The public cloud services industry is expanding fast. Gartner estimates that spending will grow another 20% in 2022, bringing it to more than $490 billion globally. The industry is dominated by a few major players that cater to large corporations with mammoth checkbooks.
But what about small and medium-sized businesses (SMBs) and individual developers? These entities are making the switch to the cloud (and millions of new SMBs are created each year) and need a service provider that specializes in their needs. This is exactly the niche that DigitalOcean (NYSE: DOCN) serves.
As the chart shows, Amazon Web Services (AWS), Microsoft Azure, and Alphabet‘s Google Cloud dominate the infrastructure-as-a-service (IaaS) market.
With these companies eating up so much of the market, what is the best way for DigitalOcean to compete? The best way is to not compete at all. Or, at least, not directly.
This is what makes DigitalOcean’s strategy so successful. It focuses on SMBs, those with less than 500 employees, offering simple pricing models, ease of use, and excellent customer service.
Monetizing a massive customer pool accelerates sales growth
Ten years ago, DigitalOcean was a fledgling start-up with just 6,000 users. Fast-forward to today, and the company boasts 623,000 total customers. Of these, only 102,000 pay more than $50 per month.
This leaves 521,000 smaller customers that DigitalOcean needs to monetize. It’s a giant pool, but it’s a difficult proposition to run a profitable company on hundreds of thousands of tiny customers.
Here is the key. The majority of DigitalOcean’s customers that spend more than $500 per month on its services today were small customers when they first signed up. DigitalOcean is successfully retaining, monetizing, and meeting these users’ growing needs, and it leads to revenue growth.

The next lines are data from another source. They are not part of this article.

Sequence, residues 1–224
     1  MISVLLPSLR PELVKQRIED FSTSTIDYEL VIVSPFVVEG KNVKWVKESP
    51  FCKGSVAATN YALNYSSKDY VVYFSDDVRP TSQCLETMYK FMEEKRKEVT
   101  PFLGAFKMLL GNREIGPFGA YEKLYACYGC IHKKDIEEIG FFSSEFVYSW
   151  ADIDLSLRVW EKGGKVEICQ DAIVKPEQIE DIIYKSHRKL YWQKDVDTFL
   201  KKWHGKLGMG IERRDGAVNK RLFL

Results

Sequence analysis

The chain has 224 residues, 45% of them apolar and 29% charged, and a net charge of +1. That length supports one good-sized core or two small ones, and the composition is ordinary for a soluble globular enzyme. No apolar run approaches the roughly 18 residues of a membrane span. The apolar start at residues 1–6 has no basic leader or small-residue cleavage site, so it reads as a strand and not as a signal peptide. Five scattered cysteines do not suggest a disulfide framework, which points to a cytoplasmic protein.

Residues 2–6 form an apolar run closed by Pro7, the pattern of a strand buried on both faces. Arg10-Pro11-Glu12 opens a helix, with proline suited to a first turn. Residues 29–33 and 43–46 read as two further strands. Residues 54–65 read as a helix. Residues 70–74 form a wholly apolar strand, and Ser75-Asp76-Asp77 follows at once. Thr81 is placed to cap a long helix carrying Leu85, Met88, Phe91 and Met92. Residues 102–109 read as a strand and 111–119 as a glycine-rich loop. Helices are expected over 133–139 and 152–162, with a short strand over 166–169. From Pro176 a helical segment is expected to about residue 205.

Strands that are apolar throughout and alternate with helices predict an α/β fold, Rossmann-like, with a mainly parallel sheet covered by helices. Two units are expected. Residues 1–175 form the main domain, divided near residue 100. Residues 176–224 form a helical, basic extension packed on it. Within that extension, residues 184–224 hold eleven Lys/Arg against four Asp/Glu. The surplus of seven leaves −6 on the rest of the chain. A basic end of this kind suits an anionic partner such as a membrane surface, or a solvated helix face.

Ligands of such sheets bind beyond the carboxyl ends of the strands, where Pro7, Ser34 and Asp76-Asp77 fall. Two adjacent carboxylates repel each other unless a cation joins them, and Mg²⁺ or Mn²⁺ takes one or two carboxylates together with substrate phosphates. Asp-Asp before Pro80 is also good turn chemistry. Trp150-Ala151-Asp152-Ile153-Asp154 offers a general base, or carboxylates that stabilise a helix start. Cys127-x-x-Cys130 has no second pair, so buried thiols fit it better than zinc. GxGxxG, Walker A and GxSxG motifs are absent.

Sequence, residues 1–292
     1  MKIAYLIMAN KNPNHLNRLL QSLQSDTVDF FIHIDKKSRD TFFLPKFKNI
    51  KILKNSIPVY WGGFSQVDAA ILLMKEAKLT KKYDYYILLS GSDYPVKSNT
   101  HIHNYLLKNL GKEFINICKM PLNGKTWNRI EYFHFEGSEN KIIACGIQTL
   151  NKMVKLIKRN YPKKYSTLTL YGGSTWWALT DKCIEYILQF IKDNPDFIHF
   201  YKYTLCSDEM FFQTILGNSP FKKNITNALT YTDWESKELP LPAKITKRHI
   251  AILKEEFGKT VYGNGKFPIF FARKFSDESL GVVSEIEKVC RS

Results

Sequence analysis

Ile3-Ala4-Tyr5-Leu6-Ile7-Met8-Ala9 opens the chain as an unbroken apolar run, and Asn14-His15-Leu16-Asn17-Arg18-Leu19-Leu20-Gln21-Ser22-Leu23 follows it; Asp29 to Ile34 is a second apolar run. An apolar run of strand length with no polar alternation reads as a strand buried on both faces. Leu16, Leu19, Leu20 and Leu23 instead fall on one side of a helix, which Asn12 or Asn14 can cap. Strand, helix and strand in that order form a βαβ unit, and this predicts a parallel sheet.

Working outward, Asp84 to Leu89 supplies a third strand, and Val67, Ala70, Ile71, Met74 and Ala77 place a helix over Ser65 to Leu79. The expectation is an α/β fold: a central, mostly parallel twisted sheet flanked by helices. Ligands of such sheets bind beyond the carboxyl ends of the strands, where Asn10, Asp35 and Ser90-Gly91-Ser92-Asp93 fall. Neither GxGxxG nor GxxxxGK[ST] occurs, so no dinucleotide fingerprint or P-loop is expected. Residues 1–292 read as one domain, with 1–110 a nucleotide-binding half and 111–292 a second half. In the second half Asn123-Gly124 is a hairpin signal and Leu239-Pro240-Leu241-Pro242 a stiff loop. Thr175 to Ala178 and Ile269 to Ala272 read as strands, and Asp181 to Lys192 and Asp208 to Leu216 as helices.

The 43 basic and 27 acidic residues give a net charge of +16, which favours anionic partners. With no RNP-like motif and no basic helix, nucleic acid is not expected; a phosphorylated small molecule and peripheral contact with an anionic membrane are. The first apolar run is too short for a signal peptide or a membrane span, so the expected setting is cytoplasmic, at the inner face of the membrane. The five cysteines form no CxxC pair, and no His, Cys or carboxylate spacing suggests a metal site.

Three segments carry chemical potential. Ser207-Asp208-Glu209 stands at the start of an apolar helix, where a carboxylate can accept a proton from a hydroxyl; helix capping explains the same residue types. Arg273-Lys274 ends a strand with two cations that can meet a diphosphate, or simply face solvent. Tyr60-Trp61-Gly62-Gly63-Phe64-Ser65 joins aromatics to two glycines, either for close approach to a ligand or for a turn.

This is evident from the rising net dollar retention rate. This rate measures a company’s efficiency in monetizing customers over time. A rate above 100% indicates success. DigitalOcean has increased this ratio over the years and reported a 117% rate in Q1 2022.
Accelerating sales growth shows how the increased net dollar retention rate affects results. DigitalOcean’s revenue rose 35% in 2021 after 25% growth the year before, as seen in the chart.
If the company can maintain this growth rate, it will have more than $1 billion in sales in 2024.
Is DigitalOcean stock overvalued?
DigitalOcean went public in March 2021 — just in time to catch the growth stock wave, which pushed many stocks to extreme valuations. It was fun while it lasted, but the reversion has been unpleasant.
This doesn’t mean that all is lost, however. On the contrary, as discussed, DigitalOcean is thriving.
Unlike many companies after the 2000 tech bubble burst, companies like DigitalOcean are not in imminent danger of going out of business. DigitalOcean had $1.6 billion in current assets and only $62.5 million in current liabilities on its balance sheet at the end of the last quarter.
The stock has fallen more than 65% from its highs, and the company now has a market cap of $4.2 billion, or 7.7 times forward sales. Investors should still exercise caution in the growth stock market. More than 10% of the company’s stock float is sold short, which means many are expecting the decline to continue. However, if the company continues to execute, investors with long time horizons may want to dip their toes in this ocean soon.
Suzanne Frey, an executive at Alphabet, is a member of The Motley Fool’s board of directors. John Mackey, CEO of Whole Foods Market, an Amazon subsidiary, is a member of The Motley Fool’s board of directors. Bradley Guichard has positions in Alphabet (C shares), Amazon, and Microsoft and has the following options: long January 2024 $100 calls on DigitalOcean Holdings, Inc. and short July 2022 $135 calls on Amazon. The Motley Fool has positions in and recommends Alphabet (A shares), Alphabet (C shares), Amazon, DigitalOcean Holdings, Inc., Microsoft, Salesforce, Inc., and Tencent Holdings. The Motley Fool recommends Gartner. The Motley Fool has a disclosure policy.